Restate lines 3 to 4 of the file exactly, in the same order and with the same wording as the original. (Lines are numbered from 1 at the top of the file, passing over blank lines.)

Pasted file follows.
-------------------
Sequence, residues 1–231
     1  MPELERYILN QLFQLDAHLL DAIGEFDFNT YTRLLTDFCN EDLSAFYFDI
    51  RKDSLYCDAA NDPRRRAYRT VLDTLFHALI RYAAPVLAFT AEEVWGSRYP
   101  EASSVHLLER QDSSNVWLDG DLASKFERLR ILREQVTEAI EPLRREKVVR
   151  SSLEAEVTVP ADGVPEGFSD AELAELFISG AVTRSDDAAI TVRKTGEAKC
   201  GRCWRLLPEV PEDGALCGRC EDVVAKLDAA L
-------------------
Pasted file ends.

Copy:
    51  RKDSLYCDAA NDPRRRAYRT VLDTLFHALI RYAAPVLAFT AEEVWGSRYP
   101  EASSVHLLER QDSSNVWLDG DLASKFERLR ILREQVTEAI EPLRREKVVR